October 31, 2019
October 31, 2019
Cybercrime is projected to cost businesses $2 trillion in 2019, so cybersecurity continues to be top of mind for businesses. With hacking, malware, social engineering, and other breaches on the upswing, Wintrust recently invited dozens of area business leaders to a seminar about cybersecurity threats for businesses.
The three presenters were:
Wojcinski, Shelton, and Jaffe took part in a question-and-answer roundtable on a variety of topics related to cybersecurity, including the lack of knowledge about cybersecurity, how to train employees, and cyber insurance.
Here’s a brief recap of some of the topics, edited for brevity and clarity.
Ezra Jaffe: If your goal is to create a perfect system to capture everything, I think you’ll curdle under your own weight. So, from a process standpoint, I’d start by making some improvements along the way. We could give you a list of a dozen things you’re supposed to do. But, if you don’t do any of the dozen, it won’t be a manageable process. I think companies should use a continuous process focused on always improving.
Jay Shelton: Sometimes it’s the simplest things you can start with. What are your vulnerabilities? We talk a lot about employees being the weakest link to the greatest security system in the world. Do your employees know what to look for in vulnerabilities? Social engineering? Emails? Secondly, what are you going to do if you are hacked? This leads you down the road starting with two easy things: how do you prevent it, and how do you respond to it? Plus, seek out professionals to help you. You don’t need to be a technical expert to know the fundamentals.
Tom Wojcinski: The conventional wisdom within the industry has always been to start with a full-risk assessment and implement a full framework. But, what we’ve found in small to medium-sized businesses, is that’s a challenging place to start because these frameworks require so much. So, we like to start with a penetration test. We sit down with the management team and owners and ask what their critical assets are. Then we’ll see if we can break in. If we can get to those assets, we’ll show them how we did it so they know what to improve. Then, from a continuous-improvement perspective, they should get on a cadence with staged break-ins. They need to do them annually or every two years to make sure their defenses are as evolved as the tools and tactics of the attackers.
JS: Employee training is critical. How is an employee supposed to know what a socially engineered email looks like until they’ve actually gone through training and seen it? And, then, what do they do—or don’t do—with it? I’m talking about monthly training for 12 months of the year. It has to be a continuous training cycle. Send phishing emails out and test your employees. If they click on it, that means they failed and they get immediate training. It’s a continuous program that’s no different than safety training.
TW: The key is repetition. When security awareness training first started, everybody thought it was a multi-hour event. But, studies have shown that’s not the way adults learn. It’s all about training with digestible components on a more frequent basis. The good security awareness programs that are out there break it into five or 10-minute sessions so they can get the message out there. Then you’ve got to follow it up with the simulation and track who is continuously failing those tests.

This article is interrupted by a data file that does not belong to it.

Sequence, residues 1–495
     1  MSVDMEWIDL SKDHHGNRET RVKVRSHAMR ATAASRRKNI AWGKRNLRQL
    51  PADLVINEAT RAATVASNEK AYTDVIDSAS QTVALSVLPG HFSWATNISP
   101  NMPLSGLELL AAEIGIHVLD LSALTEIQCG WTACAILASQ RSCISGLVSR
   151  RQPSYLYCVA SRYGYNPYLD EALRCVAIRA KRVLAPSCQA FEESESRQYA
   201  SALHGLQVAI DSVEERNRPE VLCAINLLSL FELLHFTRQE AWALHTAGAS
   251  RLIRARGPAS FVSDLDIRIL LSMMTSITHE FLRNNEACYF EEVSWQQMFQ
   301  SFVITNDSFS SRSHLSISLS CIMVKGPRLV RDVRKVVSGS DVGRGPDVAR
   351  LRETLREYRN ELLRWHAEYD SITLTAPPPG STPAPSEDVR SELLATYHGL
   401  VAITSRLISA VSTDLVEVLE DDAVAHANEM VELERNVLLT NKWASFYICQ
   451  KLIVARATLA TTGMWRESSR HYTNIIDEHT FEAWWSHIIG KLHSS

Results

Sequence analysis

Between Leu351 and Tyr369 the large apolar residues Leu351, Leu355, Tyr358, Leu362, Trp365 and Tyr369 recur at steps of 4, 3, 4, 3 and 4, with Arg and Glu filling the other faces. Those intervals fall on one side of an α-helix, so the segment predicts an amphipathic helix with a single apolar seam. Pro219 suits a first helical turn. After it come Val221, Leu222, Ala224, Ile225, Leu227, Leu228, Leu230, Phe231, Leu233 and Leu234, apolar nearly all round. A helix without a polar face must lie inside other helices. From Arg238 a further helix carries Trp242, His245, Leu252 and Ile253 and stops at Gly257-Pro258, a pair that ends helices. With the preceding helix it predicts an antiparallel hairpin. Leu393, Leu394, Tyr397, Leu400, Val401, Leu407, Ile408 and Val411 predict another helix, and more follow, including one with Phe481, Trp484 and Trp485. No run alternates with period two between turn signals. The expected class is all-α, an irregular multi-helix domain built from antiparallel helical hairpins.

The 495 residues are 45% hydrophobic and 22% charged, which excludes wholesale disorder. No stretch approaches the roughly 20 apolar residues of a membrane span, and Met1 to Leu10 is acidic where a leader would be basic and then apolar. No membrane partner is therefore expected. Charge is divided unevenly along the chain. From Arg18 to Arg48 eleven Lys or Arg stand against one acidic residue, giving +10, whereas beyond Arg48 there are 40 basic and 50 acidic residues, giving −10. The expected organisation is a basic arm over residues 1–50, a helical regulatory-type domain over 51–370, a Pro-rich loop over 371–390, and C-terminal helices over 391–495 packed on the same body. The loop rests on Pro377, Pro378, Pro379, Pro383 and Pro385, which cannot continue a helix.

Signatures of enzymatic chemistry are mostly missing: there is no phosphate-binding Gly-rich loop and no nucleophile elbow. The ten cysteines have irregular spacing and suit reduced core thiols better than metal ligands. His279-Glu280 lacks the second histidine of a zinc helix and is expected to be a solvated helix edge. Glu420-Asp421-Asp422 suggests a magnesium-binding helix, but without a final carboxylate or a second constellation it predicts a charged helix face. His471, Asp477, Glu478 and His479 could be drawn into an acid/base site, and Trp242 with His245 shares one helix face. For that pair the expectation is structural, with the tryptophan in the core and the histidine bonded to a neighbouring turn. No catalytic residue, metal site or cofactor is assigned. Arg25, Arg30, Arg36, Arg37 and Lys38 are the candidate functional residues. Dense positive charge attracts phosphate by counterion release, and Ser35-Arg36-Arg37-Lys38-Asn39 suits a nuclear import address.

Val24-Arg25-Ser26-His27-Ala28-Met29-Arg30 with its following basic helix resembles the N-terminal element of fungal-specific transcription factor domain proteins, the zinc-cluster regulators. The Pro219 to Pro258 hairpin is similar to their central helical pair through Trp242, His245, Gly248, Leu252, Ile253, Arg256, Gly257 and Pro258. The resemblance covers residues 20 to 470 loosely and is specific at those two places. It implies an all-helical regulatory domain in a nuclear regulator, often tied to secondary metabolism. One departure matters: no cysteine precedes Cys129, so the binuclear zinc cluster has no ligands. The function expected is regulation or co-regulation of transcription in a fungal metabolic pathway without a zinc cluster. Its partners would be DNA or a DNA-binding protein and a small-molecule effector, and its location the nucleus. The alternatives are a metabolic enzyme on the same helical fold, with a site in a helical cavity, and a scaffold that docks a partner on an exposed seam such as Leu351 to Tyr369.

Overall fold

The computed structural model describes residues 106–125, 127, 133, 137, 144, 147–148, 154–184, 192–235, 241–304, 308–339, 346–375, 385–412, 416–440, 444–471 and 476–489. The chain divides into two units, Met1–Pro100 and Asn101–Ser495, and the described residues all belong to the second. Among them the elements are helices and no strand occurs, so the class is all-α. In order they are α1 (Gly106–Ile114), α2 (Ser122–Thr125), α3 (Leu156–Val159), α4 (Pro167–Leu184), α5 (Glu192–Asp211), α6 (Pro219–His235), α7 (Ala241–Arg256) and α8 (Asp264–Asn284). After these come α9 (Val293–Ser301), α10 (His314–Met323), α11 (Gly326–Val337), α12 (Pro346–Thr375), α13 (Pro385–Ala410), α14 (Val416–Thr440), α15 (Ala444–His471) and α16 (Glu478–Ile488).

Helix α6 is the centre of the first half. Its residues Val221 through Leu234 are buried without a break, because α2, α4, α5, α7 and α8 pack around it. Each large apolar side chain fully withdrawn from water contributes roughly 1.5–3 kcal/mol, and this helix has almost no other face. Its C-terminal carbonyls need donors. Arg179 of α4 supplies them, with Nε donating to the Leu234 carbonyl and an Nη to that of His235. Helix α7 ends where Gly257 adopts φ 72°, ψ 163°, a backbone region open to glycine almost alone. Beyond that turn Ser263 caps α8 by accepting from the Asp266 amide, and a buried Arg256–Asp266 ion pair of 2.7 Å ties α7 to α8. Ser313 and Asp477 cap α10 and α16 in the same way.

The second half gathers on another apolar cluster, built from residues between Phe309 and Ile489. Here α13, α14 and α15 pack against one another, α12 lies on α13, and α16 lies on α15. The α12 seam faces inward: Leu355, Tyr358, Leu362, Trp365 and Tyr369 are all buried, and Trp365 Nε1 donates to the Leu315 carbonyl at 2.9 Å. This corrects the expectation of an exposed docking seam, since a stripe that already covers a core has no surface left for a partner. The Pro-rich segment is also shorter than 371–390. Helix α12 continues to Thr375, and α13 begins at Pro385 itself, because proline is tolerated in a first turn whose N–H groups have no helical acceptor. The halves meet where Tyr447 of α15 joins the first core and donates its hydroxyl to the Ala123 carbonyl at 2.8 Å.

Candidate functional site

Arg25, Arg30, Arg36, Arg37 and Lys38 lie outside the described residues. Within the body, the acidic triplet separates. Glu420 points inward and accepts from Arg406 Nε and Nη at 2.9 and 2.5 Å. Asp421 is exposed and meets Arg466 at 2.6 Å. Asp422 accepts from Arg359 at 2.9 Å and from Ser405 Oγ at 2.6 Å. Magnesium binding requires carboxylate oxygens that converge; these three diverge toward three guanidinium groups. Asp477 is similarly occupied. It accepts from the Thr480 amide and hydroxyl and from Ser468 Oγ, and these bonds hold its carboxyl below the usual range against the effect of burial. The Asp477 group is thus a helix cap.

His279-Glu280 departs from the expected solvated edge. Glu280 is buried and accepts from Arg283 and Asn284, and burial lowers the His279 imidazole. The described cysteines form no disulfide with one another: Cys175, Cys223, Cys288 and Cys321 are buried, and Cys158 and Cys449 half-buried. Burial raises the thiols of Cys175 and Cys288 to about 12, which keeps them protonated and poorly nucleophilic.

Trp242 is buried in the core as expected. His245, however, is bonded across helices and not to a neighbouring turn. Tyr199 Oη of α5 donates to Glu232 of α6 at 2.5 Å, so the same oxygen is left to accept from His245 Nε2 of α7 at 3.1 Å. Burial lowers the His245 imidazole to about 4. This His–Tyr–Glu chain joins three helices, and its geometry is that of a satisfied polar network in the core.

EJ: If your business is banking online, a single employee shouldn’t have the authority on their own to send any money from the online banking system. It should be dual control, where one person initiates the payment and another sends out the payment. So, even if they mess up, there’s a second set of eyes. That way you can put control on it.
JS: I’m of the school that good, preventative measures are where you need to start. If you can do everything you can to prevent the hacking and any kind of breach, that’s where you should spend your money. Looking at cyber insurance, though, people make mistakes. Hackers change how they get into the system. So, the question you want to ask yourself is: If you get hacked, do you want to repay that by yourself, or do you want someone else to share the cost?
A cyber policy is unique compared to other policies in that it comes with a lot of resources. If you have a breach, you don’t know exactly what’s going on, but you know something happened. And, it might take you three days to figure it out. Having that resource, you have a person who is going to help you navigate something that’s coming apart on you very quickly.
EJ: I love when businesses use their credit cards. Credit cards have some great safety features built in. You’ve got limits you can put in place, you’ve got curbs on which vendors you can go to. We believe credit card is one of the top ways to pay.
JS: What I am seeing is people starting to take this serious. Companies are hiring CISOs (chief information security officers) instead of using the IT team. CISOs come in and design a system focused on that next-gen type of cyber security and keeping the system functionable, because the system has to evolve; it can’t stay stagnant.
TW: A lot of the recent successes we’re seeing are with companies that have implemented managed-detection response teams, which have a real-time understanding of malicious activity within their network. I was talking with the company that’s our technology provider, and they successfully thwarted a ransomware attack because they recognized the lateral movement and the reconnaissance on the network. Because they’re in there on a real-time basis, they were able to shut down those processes from running on those computers and prevent the ransomware from taking place.
At Wintrust, we understand the importance of fraud prevention. That’s why we offer several services geared to protect your business from cybercrime.